Point and Shoot, directed and written by Marshall Curry.
(USA) – World Premiere.
In 2011, unassuming Matthew VanDyke left his home in Baltimore to find adventure and see the world on his motorcycle, only to end up joining the Libyan rebel army to take arms against Gaddafi. Gun in one hand, video camera in the other, Matthew finally finds purpose and meaning in his wanderlust, until he is captured and held in solitary confinement for six months and must decide where his allegiances really lie. Director and TFF award winner, Marshall Curry (Racing Dreams), captures one man’s arresting transformation from a sheltered kid to a soldier on the front lines.

Regarding Susan Sontag, directed and written by Nancy Kates, co-written by John Haptas.
(USA) – World Premiere.
Hungry for life and gracefully outspoken throughout her career, Susan Sontag became one of the most important literary, political, and feminist icons of her generation. Kates’ in depth documentary intimately tracks Sontag’s seminal, life-changing moments through her own words, as read by Patricia Clarkson—from her early infatuation with books to her first experience in a gay bar; from her first marriage to her last lover. Regarding Susan Sontag is a nuanced investigation into the life of a towering cultural critic and writer whose works on photography, war, and terrorism still resonate today.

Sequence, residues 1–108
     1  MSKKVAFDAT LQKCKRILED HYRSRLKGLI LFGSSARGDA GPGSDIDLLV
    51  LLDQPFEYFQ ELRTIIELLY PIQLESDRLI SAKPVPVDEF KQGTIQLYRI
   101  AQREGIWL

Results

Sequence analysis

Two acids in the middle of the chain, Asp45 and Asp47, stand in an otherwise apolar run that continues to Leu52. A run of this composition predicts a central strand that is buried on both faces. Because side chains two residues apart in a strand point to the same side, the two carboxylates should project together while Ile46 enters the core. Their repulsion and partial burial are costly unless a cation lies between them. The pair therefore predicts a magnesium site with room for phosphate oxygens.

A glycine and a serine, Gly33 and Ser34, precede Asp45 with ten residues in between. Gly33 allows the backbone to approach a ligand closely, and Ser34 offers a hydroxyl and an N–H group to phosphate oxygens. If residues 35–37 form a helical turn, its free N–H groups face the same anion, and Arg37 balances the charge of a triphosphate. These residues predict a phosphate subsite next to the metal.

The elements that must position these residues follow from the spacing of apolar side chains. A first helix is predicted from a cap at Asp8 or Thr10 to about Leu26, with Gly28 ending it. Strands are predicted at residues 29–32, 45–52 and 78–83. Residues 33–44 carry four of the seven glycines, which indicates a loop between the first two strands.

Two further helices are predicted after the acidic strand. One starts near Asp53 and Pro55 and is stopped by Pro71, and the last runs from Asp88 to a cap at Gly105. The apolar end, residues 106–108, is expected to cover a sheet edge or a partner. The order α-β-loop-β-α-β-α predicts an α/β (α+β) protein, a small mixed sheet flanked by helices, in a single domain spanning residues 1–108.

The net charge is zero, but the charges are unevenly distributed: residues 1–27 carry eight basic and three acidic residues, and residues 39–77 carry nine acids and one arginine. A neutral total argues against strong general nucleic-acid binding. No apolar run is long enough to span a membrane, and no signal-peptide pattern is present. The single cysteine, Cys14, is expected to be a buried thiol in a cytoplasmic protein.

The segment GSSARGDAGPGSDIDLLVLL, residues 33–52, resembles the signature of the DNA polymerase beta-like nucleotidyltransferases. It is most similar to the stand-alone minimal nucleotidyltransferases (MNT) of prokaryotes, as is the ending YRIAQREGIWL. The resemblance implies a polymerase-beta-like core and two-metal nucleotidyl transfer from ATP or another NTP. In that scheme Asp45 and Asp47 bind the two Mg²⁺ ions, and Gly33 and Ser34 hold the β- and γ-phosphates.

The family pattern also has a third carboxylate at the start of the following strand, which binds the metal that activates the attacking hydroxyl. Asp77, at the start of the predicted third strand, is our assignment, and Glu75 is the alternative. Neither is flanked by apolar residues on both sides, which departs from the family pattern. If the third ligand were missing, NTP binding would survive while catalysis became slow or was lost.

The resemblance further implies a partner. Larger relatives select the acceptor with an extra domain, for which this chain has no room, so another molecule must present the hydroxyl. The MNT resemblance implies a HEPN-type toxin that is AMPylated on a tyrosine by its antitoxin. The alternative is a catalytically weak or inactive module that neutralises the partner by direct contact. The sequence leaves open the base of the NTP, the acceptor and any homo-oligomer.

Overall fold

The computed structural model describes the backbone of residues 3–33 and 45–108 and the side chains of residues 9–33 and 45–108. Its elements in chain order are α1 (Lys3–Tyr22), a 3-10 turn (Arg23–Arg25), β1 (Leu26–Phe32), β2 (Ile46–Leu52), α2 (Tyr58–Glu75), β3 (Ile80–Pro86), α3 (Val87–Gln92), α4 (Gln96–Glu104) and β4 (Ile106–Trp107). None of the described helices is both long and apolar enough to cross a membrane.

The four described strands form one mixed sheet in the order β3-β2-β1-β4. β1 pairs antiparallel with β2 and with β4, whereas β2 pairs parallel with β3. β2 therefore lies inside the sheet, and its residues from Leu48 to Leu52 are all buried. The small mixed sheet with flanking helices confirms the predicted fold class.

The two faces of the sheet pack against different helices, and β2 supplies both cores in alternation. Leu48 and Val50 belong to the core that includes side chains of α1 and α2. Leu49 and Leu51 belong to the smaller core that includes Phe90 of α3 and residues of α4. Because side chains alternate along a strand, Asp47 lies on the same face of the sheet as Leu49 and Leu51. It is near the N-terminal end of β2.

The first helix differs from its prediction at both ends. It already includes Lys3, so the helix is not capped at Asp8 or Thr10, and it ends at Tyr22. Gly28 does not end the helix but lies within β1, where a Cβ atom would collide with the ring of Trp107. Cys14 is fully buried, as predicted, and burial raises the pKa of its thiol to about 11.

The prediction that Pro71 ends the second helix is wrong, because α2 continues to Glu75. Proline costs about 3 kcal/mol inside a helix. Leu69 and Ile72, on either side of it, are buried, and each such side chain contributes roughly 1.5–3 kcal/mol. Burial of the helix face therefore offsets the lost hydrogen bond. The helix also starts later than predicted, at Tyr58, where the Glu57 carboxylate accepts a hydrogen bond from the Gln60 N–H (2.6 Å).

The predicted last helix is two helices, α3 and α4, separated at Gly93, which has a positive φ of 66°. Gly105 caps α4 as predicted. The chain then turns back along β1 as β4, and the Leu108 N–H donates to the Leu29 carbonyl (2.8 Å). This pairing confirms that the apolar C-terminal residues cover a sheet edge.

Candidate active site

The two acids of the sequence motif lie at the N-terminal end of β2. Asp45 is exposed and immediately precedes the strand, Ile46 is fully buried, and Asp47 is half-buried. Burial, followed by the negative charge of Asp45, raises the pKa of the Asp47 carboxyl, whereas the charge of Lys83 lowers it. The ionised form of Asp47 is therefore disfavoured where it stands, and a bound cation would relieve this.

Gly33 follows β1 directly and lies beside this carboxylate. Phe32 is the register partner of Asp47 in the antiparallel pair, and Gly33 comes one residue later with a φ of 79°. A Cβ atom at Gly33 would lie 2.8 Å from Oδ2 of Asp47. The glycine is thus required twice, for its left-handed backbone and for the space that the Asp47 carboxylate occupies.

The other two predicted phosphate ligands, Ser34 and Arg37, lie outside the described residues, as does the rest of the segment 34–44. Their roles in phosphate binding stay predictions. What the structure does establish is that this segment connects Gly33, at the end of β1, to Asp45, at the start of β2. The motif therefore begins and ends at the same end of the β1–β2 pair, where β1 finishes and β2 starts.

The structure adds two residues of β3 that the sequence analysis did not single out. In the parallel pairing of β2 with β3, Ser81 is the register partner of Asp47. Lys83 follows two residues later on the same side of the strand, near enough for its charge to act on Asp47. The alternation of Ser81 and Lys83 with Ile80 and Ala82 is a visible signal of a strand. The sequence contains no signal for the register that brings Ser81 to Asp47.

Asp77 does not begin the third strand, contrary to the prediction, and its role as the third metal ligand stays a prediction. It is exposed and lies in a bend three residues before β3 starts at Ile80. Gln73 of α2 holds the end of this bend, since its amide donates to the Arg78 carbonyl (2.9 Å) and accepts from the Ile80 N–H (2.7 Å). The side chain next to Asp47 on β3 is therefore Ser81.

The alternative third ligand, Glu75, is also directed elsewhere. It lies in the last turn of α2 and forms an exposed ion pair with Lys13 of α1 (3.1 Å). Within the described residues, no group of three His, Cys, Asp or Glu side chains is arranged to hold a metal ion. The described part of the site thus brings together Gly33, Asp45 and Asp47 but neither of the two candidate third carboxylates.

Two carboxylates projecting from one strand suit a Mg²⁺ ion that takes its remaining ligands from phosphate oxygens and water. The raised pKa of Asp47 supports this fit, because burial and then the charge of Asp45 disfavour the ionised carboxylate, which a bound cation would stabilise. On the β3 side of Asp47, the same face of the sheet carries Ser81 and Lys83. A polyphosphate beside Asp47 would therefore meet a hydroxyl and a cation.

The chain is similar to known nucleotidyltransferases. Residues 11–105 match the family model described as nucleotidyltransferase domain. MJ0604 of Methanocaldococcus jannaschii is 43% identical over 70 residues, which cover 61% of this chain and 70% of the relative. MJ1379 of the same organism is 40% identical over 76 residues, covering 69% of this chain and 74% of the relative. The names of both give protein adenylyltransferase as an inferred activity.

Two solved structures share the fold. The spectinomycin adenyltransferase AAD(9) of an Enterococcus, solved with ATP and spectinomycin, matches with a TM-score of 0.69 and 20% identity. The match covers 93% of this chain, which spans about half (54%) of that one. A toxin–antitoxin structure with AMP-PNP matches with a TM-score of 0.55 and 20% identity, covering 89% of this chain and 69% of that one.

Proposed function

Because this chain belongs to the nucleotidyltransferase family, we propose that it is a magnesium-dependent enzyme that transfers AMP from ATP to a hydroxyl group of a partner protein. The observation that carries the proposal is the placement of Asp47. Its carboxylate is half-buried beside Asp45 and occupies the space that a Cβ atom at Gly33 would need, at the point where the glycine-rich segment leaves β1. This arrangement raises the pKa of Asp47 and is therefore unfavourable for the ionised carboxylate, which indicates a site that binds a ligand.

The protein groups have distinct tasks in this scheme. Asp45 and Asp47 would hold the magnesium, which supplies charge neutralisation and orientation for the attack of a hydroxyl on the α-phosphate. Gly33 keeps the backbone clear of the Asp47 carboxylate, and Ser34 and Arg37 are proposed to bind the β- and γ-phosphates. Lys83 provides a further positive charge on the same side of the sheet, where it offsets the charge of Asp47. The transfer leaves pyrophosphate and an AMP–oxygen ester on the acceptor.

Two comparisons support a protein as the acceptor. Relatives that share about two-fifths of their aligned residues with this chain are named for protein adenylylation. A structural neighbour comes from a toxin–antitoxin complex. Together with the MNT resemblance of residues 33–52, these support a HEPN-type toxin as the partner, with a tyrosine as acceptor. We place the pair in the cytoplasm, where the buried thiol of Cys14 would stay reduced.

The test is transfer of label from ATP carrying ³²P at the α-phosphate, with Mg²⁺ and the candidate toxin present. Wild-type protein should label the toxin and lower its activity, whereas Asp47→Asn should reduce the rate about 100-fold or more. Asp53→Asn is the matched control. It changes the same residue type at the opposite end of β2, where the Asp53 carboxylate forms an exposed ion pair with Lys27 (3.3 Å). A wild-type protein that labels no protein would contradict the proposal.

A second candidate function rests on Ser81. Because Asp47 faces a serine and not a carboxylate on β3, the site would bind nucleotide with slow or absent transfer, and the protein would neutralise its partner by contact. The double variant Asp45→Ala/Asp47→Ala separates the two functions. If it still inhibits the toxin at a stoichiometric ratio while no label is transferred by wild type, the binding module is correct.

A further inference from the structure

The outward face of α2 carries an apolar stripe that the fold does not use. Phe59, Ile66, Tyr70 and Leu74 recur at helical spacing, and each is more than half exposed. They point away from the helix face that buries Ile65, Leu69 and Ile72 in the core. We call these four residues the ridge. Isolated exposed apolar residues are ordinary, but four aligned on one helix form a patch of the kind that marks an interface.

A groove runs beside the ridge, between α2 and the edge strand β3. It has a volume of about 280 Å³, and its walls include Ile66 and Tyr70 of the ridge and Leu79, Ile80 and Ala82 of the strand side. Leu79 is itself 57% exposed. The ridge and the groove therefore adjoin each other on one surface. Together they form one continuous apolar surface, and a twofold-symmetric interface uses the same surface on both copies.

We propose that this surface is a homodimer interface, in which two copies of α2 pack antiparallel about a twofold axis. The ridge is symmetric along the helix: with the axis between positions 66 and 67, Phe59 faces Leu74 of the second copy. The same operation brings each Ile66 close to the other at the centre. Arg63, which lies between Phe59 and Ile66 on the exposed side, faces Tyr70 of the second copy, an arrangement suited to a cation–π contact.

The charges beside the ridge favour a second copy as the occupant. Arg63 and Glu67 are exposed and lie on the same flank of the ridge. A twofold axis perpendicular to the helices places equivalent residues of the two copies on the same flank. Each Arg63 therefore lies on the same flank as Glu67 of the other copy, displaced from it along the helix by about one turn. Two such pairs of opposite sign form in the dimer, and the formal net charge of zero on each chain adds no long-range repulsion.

Tomorrow We Disappear, directed by Jimmy Goldblum and Adam Weber.
(USA) – World Premiere.
The puppeteers, performers, and magicians of the Kathputli colony in Delhi are the last slum-dweller–artists of their kind. When their land is sold to high-rise developers, they must fight for the only home they know. Fending off relocation, they struggle to keep their mystical Indian folk arts alive and to conserve what beauty remains as they are forced into someone else’s vision of the future. Tomorrow We Disappear is not just documentation, but ultimately becomes an extraordinary act of preservation.

Virunga, directed and written by Orlando von Einsiedel.
(UK) – World Premiere.
Virunga is Africa’s oldest national park, a UNESCO world heritage site, and the last natural habitat for the endangered mountain gorilla. None of that will stop the business interests and rebel insurgencies lurking at the park’s doorstep. Orlando von Einsiedel pairs gorgeous natural scenes from Virunga with riveting footage of the Congolese crisis, raising an ardent call for conservation as a vital human enterprise. Along the way, he spotlights the incredibly dangerous work that is often required to safeguard the environment.